Adam Kay: I used to hate this time of year but now I’ve changed my tune (to “All I Want For Christmas…”)

Christmas fanatics always seemed slightly disturbed to me, as if they were embracing the festive period in the absence of someone to love. 

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There is something enjoyable about loathing the festive season, isn’t there? A sadistic pleasure, fuelled by your own misery. It’s like having chronic back pain but relishing the fact that it gets you out of doing all those things you don’t want to do: putting up the shelves, spin class, sex.

I spent many years in the Ebenezer Scrooge fan club, kicking off with my seasonal eye-rolling as a teenager. Christmas represented everything I wanted to escape from: these so-called traditions were just (I asserted) another excuse for my parents to control me. No, I don’t want to pull a cracker when you say so. Why on earth should I eat chocolate in the shape of a log just because it’s the 25th of December? Plus, of course, Christmas is so shamelessly uncool – which is not something any teen ever wants to be. Even today, no amount of overaffected styling, tinsel in neutral greys and hygge can ever transform it from the screaming tack-fest it still is.

Christmas fanatics always seemed slightly disturbed to me, as if they were embracing the festive period in the absence of someone to love, or perhaps to bleach out a dark secret from their past, like the murder of a sibling or enjoying Dan Brown novels.

My Grinching accelerated in adulthood. I wonder if it was a subconscious defence mechanism. Working as an obstetrician, I missed out on six of seven family Christmases. Year after year of removing babies (and baubles) from the various places they found themselves lodged, meant that the labour ward became the default setting for my 25th of Decembers, with turkey dinners replaced with low-ranking Quality Streets pinched from the nursing station. Perhaps my brain convinced me this was a good thing, rather than confronting the slightly more depressing reality. Or maybe seeing so much inevitable sadness on the wards at this time of year made any kind of celebration feel inappropriate.

But now my position has done a full 180-degree turn. And in the face of endless articles and think pieces telling us that Christmas is too commercialised, an annual drag foisted upon us by the retail industry, that it comes too early, that its true meaning is diluted beyond recognition, I feel that I must belatedly come to its defence.

I’m not quite sure why I’ve changed my tune (to “All I Want for Christmas…”). It’s probably because the past few years have been such a downer, to say the least. The referendum, the ensuing political chaos, watching Theresa May figuratively soil herself on camera for three years only to see her replaced by Boris Johnson, a ham in a toupee hell-bent on setting the country on fire.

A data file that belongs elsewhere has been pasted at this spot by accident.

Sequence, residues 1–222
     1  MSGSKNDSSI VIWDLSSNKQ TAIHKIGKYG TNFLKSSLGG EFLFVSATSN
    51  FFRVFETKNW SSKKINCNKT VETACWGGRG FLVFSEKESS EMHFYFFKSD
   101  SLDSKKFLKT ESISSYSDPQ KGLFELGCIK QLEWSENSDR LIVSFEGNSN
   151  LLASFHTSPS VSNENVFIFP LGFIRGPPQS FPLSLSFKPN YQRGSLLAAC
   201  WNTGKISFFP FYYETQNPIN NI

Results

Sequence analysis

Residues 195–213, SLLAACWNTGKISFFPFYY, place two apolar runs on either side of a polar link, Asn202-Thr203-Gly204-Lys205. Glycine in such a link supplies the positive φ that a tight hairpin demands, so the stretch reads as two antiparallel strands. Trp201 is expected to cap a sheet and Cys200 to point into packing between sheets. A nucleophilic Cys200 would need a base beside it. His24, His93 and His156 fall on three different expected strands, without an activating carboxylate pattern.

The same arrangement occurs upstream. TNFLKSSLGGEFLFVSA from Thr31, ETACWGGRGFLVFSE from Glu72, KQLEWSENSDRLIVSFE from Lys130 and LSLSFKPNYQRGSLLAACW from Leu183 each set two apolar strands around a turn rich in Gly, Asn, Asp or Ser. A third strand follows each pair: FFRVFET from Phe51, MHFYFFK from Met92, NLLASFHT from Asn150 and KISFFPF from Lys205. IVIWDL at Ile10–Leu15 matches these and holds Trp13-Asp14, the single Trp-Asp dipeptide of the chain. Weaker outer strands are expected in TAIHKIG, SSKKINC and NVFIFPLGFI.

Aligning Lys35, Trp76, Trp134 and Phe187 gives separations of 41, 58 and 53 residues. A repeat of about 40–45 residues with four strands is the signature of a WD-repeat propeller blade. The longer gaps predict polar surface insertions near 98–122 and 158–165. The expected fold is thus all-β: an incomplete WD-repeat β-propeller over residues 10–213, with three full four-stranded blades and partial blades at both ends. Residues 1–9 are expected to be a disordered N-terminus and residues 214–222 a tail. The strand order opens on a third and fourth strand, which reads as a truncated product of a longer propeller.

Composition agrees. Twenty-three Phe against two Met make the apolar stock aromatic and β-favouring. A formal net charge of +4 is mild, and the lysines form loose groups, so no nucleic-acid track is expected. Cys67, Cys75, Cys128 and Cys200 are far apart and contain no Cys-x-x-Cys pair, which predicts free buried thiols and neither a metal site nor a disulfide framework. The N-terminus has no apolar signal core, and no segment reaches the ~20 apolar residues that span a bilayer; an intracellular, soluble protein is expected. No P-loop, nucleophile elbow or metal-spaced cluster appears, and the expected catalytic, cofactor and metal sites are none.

In this current Satanscape, is it any wonder that I’ve reached for the relative safety of eggnog and benign seasonal movies? Why shouldn’t we check out of our manic lives and insulate ourselves in a new routine for a week or so? One that involves cocktails at 11am, eating an entire airport-sized Toblerone “just because” and bitching to friends about our terrible haul of presents. (Please stop buying me shirts from shops I haven’t set foot in since I was 13, thank you. Also, I have no idea what to do with a gift card for Paperchase other than buy you a gift card back.) OK, maybe I haven’t totally shaken my old approach.

Christmas is an excuse to relieve yourself of your responsibilities for a short while – harking back to the good old days, but without reversing civil rights or dying of consumption at the age of 30. When else are you encouraged to go ice skating and be absolutely awful at it? This year my Christmas tree went up within minutes of the Halloween pumpkin going into the food-waste bin. Why would I wait any longer before putting something so beautiful in the corner of my living room?

The worst music ever invented somehow becomes endearing. People give you free stuff just because the calendar says they should. You can walk around in an ugly Christmas jumper and it will elicit joy from people rather than low mutterings that you should be sectioned. And did I mention cocktails at 10am? Sorry, I know I said 11am earlier, but it’s 10 o’clock now. Why? Because it’s Christmas!

If you hate the commercial or religious aspects, ignore them altogether. It is perfectly possible to have a fantastic Christmas without plunging into credit-card debt rivalling the GDP of a superpower – although I do say this as a childless man. Agree on a “no presents” rule, focus instead on the spectacle of it. The tree! The food! The inevitable Christmas Day murder in EastEnders! The 9am cocktails!

The world we live in today has too many dark corners where misery can hide. We should be shining our brightest fairy lights and ringing our loudest sleigh bells right into them. See you for cocktails – 8am sharp.

Adam Kay is a former doctor. His latest book is “Twas The Nightshift Before Christmas” (Picador)

This article appears in the 13 December 2019 issue of the New Statesman, Christmas special